This approach will result in some new costs for the schemes. There would be some cost in establishing and publishing eligibility and assessment criteria, along with a modest cost in reporting to the Reserve Bank each year. There are also likely to be costs involved in assessing potential entrants, both initially and on an ongoing basis if accepted, though these will be incurred anyway to the extent that access is broadened by some other means.

As noted elsewhere in this paper, the Access Regimes are interrelated with Banking Regulation 4 and APRA's SCCI regime. The Bank has control only over the Access Regimes, but changes to the Regimes would need to occur in conjunction with amendment of the Banking Regulations to be effective. The discussion in this section has focused on benefits that would flow from increased participation as a result of changes to the Access Regimes (supported by amendment of the Banking Regulations). It should be noted that there may be additional benefits from amending the Banking Regulations, including that APRA would no longer supervise card scheme members that were not conducting other banking business, allowing its resources to be better directed to its core mandate.

Other Considerations

The following briefly addresses some of the other issues raised during consultation.

A number of submissions supported a lighter-touch SCCI framework operated by APRA or another regulator. As discussed in section 3, an approach that creates ambiguity or confusion about the role of APRA's prudential supervision of ADIs, or that risks compromising confidence in that regime, is not desirable and is not supported by APRA. Accordingly, APRA has indicated that it does not support providing exemptions from Banking Act obligations for any credit card issuers or acquirers, or applying less stringent requirements than for other ADIs.

The creation of an entirely separate supervisory framework for SCCI-like entities would require legislative change and is outside the scope of the Board's consideration. In any event, given the nature and magnitude of the financial risks generated by the MasterCard and Visa card systems, the case for supervision of participants to be conducted by the public sector rather than by the schemes themselves is not strong.

Some submissions suggested that potential entrants could access partnership or sponsorship arrangements if they could not meet the hurdles set by the SCCI framework. This does not appear to be a persuasive argument against considering regulatory change. This approach imposes higher than necessary costs and potentially other commercial constraints on new entrants, inhibiting their capacity to compete with existing players.[1]

Allowing the schemes greater discretion over participation may result in parties that are not supervised by APRA issuing and acquiring card transactions in Australia. As a result, some participants might be subject to regulatory costs that are not imposed on others – an outcome identified by some as an uneven playing field. Under the proposed framework, regulatory costs will be imposed as a consequence of ADIs' broader banking activities, rather than card issuing and acquiring. Imposing higher than warranted regulatory costs on entities conducting only issuing and acquiring business to redress this would not be in the interests of the efficiency of the payments system. In any event, the ability of those conducting broader banking business to bundle card business with other banking products most likely confers ADIs an advantage over specialists in the card business.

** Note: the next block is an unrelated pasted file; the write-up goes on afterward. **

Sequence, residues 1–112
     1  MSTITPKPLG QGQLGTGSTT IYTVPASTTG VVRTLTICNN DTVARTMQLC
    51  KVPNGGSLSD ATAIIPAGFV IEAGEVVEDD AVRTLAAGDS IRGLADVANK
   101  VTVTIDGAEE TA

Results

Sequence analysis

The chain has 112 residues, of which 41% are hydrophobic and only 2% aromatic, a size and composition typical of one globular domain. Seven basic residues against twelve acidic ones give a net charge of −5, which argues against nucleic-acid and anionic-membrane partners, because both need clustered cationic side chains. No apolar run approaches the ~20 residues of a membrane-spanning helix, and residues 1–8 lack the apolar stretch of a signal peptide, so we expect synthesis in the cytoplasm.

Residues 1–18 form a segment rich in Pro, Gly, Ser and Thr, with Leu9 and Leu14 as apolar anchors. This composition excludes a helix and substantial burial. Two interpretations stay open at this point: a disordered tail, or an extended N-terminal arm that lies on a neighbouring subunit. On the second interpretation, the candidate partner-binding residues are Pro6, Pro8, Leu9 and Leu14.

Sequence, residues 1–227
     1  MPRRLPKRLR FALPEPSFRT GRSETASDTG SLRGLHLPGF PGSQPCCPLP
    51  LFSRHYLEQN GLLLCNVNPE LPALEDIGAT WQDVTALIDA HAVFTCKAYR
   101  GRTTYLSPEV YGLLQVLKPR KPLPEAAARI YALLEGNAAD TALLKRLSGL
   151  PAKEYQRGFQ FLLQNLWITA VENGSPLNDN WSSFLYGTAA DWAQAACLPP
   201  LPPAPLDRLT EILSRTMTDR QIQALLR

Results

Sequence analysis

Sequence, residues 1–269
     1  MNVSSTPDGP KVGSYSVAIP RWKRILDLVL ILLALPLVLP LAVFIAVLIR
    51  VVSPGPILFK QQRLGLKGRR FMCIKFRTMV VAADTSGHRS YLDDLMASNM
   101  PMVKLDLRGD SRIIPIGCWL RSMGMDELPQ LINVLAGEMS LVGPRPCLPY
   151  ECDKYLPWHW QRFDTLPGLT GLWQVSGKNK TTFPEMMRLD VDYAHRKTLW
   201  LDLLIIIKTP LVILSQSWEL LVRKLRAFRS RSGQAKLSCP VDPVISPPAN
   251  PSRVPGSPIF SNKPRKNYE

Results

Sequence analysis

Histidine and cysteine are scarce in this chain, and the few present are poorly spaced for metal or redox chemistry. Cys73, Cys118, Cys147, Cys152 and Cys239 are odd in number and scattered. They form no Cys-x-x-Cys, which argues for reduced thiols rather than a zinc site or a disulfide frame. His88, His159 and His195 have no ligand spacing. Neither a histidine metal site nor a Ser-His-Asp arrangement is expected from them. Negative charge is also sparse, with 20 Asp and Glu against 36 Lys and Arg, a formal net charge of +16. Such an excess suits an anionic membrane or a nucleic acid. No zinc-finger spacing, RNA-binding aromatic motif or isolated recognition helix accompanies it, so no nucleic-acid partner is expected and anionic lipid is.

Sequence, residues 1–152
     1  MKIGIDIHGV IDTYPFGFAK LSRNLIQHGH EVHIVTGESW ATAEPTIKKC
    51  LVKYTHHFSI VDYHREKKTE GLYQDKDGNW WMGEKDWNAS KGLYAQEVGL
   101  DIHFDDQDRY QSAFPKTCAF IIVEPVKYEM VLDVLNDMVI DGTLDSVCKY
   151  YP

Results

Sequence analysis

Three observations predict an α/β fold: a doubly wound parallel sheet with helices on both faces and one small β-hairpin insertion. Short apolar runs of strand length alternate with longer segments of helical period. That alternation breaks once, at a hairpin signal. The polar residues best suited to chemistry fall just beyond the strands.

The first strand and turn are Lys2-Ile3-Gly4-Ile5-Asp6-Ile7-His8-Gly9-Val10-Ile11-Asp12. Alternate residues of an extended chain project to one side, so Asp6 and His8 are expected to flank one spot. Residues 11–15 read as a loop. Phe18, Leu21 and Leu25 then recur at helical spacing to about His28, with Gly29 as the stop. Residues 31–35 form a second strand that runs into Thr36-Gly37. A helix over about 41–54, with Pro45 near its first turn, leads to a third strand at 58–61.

The fact that the Reserve Bank is the only entity permitted to conduct banking business in Australia but not permitted to become a member of the MasterCard and Visa systems is an anomaly in the current Access Regimes. The Access Regimes' use of ADI status as the test for eligibility to the schemes was a means of obtaining some confidence in the financial standing of participants and thereby controlling risk. There is no case for excluding the Reserve Bank from the systems on the basis of risk. The fact that the Reserve Bank is eligible to participate in the eftpos system further highlights this anomaly and raises the possibility of distortions to competition between schemes if the Bank chose to become a member of one scheme, but could not join the others.


Note that any card transactions issued in Australia for a domestic purchase should be subject to the Reserve Bank's interchange regulation. A foreign-domiciled entity issuing to Australian residents should do so in a form that ensures that domestic transactions are captured in interchange cap calculations, including via a BIN sponsorship arrangement if necessary. [1]